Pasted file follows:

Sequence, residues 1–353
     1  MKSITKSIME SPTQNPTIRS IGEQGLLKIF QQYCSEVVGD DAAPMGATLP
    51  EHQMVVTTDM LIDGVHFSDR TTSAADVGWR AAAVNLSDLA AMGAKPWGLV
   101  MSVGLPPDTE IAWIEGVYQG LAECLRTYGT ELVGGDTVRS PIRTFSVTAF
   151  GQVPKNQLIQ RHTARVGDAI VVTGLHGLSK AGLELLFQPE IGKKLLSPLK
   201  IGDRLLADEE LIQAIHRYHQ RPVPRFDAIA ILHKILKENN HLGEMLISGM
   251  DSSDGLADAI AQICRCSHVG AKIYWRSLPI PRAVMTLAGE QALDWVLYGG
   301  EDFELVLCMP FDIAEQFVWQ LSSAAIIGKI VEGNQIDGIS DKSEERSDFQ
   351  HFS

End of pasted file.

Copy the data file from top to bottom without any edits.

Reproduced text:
Sequence, residues 1–353
     1  MKSITKSIME SPTQNPTIRS IGEQGLLKIF QQYCSEVVGD DAAPMGATLP
    51  EHQMVVTTDM LIDGVHFSDR TTSAADVGWR AAAVNLSDLA AMGAKPWGLV
   101  MSVGLPPDTE IAWIEGVYQG LAECLRTYGT ELVGGDTVRS PIRTFSVTAF
   151  GQVPKNQLIQ RHTARVGDAI VVTGLHGLSK AGLELLFQPE IGKKLLSPLK
   201  IGDRLLADEE LIQAIHRYHQ RPVPRFDAIA ILHKILKENN HLGEMLISGM
   251  DSSDGLADAI AQICRCSHVG AKIYWRSLPI PRAVMTLAGE QALDWVLYGG
   301  EDFELVLCMP FDIAEQFVWQ LSSAAIIGKI VEGNQIDGIS DKSEERSDFQ
   351  HFS